I’ve never watched Alfred Hitchcock: The 1940s

It’s been a long time since I last wrote about any movies, but I decided last night that it was confession time. I’ve mentioned this to a few people but I recently came to the realisation that I’d never (knowingly, at least) watched an Alfred Hitchcock film. There are others on this BFI list that I’ve literally just discovered (and I’ll get around to addressing that), but this realisation came from two things. The first was his inclusion on my “Top 100 Must-See Movies” poster that I need to carry on working my way through, but the thought also occurred whilst I was browsing Amazon looking for something to buy with a gift voucher I’d received for my birthday back in June. I don’t tend to buy from Amazon if I can help it, but it’s more convenient for family members to buy me a gift card if they want to get me anything. Even so, I was struggling for what to buy, I get all my books, comics and manga from local shops if I can help it, with games I prefer digital over physical, apart from for specific titles, just because space is at a premium in my household. Likewise, I have a Spotify Family subscription, plus the space issue, so I don’t buy CD’s any more (and wouldn’t trust my kids around a record player, sorry kids). It’s rare I buy films because I have both subscriptions to Netflix, Prime Video (as part of my phone contract) and Disney+.

However, whilst browsing, I saw a boxset of Alfred Hitchcock movies, this one in fact, and decided it was about time I got around to watching some, especially as the poster I mentioned previously has Vertigo on it.

As of last night, I’ve watched three of the fourteen films included. I’m working through in order of release, though there are films released between the ones in the boxset that I’ll have to watch in other ways eventually (there are notable omissions too, such as North by Northwest), so, what do I think of those three films?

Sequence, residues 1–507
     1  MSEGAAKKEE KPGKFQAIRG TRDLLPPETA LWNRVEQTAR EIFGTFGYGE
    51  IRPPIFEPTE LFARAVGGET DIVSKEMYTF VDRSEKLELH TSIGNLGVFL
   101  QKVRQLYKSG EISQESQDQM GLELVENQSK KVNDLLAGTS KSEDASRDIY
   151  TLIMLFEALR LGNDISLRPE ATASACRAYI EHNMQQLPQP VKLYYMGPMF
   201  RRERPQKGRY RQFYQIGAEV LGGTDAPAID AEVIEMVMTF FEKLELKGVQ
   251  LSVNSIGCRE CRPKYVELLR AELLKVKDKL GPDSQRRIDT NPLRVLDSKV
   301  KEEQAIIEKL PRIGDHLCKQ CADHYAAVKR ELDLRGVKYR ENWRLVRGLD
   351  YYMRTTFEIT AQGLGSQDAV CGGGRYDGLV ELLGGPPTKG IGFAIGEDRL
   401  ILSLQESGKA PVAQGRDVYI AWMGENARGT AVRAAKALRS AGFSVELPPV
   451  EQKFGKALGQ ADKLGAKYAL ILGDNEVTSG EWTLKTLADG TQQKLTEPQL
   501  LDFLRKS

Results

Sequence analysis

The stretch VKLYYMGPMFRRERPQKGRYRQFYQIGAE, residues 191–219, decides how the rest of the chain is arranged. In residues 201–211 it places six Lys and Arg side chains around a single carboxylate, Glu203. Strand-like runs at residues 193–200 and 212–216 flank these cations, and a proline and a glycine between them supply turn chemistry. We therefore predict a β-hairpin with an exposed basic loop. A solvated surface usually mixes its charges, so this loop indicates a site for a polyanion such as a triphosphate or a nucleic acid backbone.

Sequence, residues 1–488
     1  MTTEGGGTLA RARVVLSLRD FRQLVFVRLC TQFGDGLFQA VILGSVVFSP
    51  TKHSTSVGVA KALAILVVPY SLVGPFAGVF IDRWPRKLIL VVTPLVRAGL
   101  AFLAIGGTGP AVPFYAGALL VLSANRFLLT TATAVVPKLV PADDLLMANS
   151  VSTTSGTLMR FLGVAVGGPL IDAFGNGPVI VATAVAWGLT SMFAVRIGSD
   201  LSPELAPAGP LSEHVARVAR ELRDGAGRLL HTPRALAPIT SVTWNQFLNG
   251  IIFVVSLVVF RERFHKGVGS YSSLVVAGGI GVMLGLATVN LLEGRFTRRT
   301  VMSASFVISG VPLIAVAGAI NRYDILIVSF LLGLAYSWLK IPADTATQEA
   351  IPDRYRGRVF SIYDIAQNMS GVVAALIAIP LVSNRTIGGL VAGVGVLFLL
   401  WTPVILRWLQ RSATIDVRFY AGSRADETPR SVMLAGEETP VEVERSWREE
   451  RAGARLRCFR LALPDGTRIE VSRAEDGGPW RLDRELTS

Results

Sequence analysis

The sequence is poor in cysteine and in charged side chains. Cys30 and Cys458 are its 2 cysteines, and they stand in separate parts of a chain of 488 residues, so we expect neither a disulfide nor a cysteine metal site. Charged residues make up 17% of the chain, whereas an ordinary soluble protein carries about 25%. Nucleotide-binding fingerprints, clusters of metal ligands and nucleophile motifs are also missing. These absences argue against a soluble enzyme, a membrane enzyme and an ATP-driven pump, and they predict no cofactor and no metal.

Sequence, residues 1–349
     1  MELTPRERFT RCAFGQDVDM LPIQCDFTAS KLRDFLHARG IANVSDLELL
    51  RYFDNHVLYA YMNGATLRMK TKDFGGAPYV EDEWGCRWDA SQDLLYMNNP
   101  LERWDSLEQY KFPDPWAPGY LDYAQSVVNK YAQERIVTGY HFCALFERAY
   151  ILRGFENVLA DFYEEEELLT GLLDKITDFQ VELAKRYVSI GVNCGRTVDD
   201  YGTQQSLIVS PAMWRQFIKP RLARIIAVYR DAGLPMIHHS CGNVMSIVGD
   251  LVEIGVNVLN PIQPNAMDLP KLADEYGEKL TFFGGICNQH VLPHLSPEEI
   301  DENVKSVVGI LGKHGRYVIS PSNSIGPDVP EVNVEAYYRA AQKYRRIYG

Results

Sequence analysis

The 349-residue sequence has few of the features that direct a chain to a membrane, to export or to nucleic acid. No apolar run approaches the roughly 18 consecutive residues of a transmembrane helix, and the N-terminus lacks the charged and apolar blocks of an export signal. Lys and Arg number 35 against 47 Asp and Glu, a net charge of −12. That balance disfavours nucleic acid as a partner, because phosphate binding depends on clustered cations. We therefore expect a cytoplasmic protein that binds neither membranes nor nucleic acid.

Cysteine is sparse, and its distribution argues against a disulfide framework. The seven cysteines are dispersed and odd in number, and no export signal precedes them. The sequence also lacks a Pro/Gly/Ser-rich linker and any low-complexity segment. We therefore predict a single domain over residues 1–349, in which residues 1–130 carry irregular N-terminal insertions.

Saboteur (1942) is about a factory worker, Barry Kane, who works at an aircraft factory. Whilst working a fire starts at the factory and claims the life of his friend, Mason. Kane suspects a man named Fry, who handed him a fire extinguisher when he was trying to fight the flames, though the extinguisher was filled with gasoline. Investigators interrogate Kane, who tells them of Fry, but they find no man under that name under the list of employers at the factory. And so Kane flees from the investigators and takes it upon himself to search for this man named Fry, ultimately he uncovers a plot involving saboteur’s targeting key US construction works and a plot to blow up a newly built U.S. Navy Battleship that is set to launch from the Brooklyn Dockyards in New York.

As a place to start watching Hitchcock, this probably wasn’t the best. the plot moves along at a tidy pace, it certainly didn’t feel like it was dragging at all. The two key actors Robert Cummings as Barry Kane and Priscilla Lane as love interest Patricia Martin, are both rather likeable. The dialogue was certainly of its time, especially comments aimed towards Patricia, which were particularly condescending. I think stretching the film across multiple locations didn’t really work, I understand the reasoning for it, but it just felt like they were moving from one film set to another, even though there were elements of being on the road in between.

The next disc was Shadow of a Doubt (1943).

Charles Oakley is awoken by the landlady whom he rents a room from, two men have been asking after him, so for some reason, he decides to flee town and visit his sister and her family.

Once he arrives, he’s doted upon by the family, in particular his eldest niece, Charlie Newton, who seems to literally believe the sun shines out of his arse despite the fact they’ve not seen him in years. Charles gifts Charlie an emerald ring, though she notices it has somebody else’s initials engraved upon it. He’s also carrying rather a lot of money. Later, two men appear at the Newton’s home claiming to be interviewers for a national survey, though they appear to be heavily interested in including Uncle Charles, despite him constantly trying to avoid them. He’s also taking newspaper clippings that Charlie discovers are reporting on a man who has been murdering rich widows. It’s not long before she begins to piece things together, and he confirms to her that he is one of the suspects, she begins to co-operate with the National Survey men (who obviously aren’t who they’re claiming to be) to help capture him.